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Cooling phonon modes of a Bose condensate with uniform few body losses
by I. Bouchoule, M. Schemmer, C. Henkel
This is not the latest submitted version.
This Submission thread is now published as SciPost Phys. 5, 043 (2018)
|As Contributors:||Isabelle Bouchoule|
|Arxiv Link:||https://arxiv.org/abs/1806.08759v2 (pdf)|
|Date submitted:||2018-07-04 02:00|
|Submitted by:||Bouchoule, Isabelle|
|Submitted to:||SciPost Physics|
We present a general analysis of the cooling produced by losses on condensates or quasi-condensates. We study how the occupations of the collective phonon modes evolve in time, assuming that the loss process is slow enough so that each mode adiabatically follows the decrease of the mean density. The theory is valid for any loss process whose rate is proportional to the $j$th power of the density, but otherwise spatially uniform. We cover both homogeneous gases and systems confined in a smooth potential. For a low-dimensional gas, we can take into account the modified equation of state due to the broadening of the cloud width along the tightly confined directions, which occurs for large interactions. We find that at large times, the temperature decreases proportionally to the energy scale $mc^2$, where $m$ is the mass of the particles and $c$ the sound velocity. We compute the asymptotic ratio of these two quantities for different limiting cases: a homogeneous gas in any dimension and a one-dimensional gas in a harmonic trap.
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Submission & Refereeing History
Published as SciPost Phys. 5, 043 (2018)
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Reports on this Submission
Anonymous Report 1 on 2018-7-26 (Invited Report)
- Cite as: Anonymous, Report on arXiv:1806.08759v2, delivered 2018-07-26, doi: 10.21468/SciPost.Report.540
1- Significant extension and generalization of previous theoretical models, which enables the interpretation of recent experiments studying cooling through losses in cold atomic gases.
2- Comprehensive, timely and relevant.
3- Clear explanation of all steps of the derivation.
None (see below for minor questions)
The authors present a general formalism for the cooling of quantum gases through uniform particle loss. While often associated with heating it is shown that under certain conditions few-particle loss processes can also lead to cooling. The study is motivated by a series of recent experiments, e.g. in the groups of Schmiedmayer and Bouchoule. As such, it is timely and relevant.
The present work is particularly interesting because the existing formalism to describe such cooling is significantly extended to cover general N-body losses, as well as arbitrary dimensions and realistic trapping potentials. For example, the cooling of a 1D gas through 3-body losses has recently been studied in an experiment by some of the authors for the first time. The results show good agreement with the theoretical predictions outlined in the present study. It will be very interesting to check experimentally if the predictions also hold in 3D situations, where evaporation (i.e. cooling through selective removal of particles with above average energy) will compete with the mechanism studied here (uniform loss of particles).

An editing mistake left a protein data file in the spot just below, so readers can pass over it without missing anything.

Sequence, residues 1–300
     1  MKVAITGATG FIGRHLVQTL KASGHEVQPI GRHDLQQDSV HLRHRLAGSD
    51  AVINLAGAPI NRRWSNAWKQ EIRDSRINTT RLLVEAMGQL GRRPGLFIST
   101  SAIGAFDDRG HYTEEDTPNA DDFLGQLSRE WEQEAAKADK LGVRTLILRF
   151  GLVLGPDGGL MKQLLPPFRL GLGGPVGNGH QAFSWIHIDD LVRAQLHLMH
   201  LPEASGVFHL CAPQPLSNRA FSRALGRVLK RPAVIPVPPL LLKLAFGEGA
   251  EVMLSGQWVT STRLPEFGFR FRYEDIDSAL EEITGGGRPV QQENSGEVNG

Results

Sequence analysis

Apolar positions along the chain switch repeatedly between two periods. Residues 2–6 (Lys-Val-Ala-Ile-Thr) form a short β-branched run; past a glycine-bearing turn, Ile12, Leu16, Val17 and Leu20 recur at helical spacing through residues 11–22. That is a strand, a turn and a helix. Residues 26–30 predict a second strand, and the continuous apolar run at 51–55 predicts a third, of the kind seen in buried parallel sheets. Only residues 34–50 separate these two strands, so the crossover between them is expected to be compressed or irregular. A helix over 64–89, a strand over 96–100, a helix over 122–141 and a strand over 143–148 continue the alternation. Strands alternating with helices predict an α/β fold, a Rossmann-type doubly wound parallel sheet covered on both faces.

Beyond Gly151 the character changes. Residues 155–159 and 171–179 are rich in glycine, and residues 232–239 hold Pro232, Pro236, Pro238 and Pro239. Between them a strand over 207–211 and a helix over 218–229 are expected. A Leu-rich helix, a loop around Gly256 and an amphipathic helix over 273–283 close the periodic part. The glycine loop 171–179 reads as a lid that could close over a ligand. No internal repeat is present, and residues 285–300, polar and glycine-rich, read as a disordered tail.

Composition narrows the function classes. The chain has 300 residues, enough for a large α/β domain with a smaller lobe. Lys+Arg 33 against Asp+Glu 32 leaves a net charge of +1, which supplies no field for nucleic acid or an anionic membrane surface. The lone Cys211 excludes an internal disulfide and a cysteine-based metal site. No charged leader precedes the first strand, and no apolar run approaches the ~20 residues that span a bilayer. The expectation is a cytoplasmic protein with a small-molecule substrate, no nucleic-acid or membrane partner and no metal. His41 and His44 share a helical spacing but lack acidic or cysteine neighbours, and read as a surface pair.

The study is well written and clearly explains all assumptions and steps of the derivation, as well as some limits of the theory. In particular, it nicely describes the inherent competition between the cooling of the low energy modes and their heating through shot noise.
A few minor questions:
1- Footnote 1: It is not quite clear to me what exactly the remark on Ito / Stratonovich formalisms refers to here? Could the authors briefly elaborate to make this clearer for the general reader?
2- Is there a simple way to estimate for which experimental parameters one would expect the assumption of Poissonian, uncorrelated shot noise to hold for the loss process?
3- In realistic experiments there will often be different loss processes present at once (e.g. three-body loss from interatomic collisions due high atomic densities, and one-body loss from background gas collisions), each with their own asymptotic temperature. What would one expect to see in these cases?
4- Is there a deeper meaning / interpretation behind the asymptotic temperature? Particularly Fig. 1b seems to suggest that the cooling exhibits some universal properties?
5- It would be nice to discuss if the gases become more degenerate during the cooling process. Can new regimes be reached, e.g. for 1D Bose gases?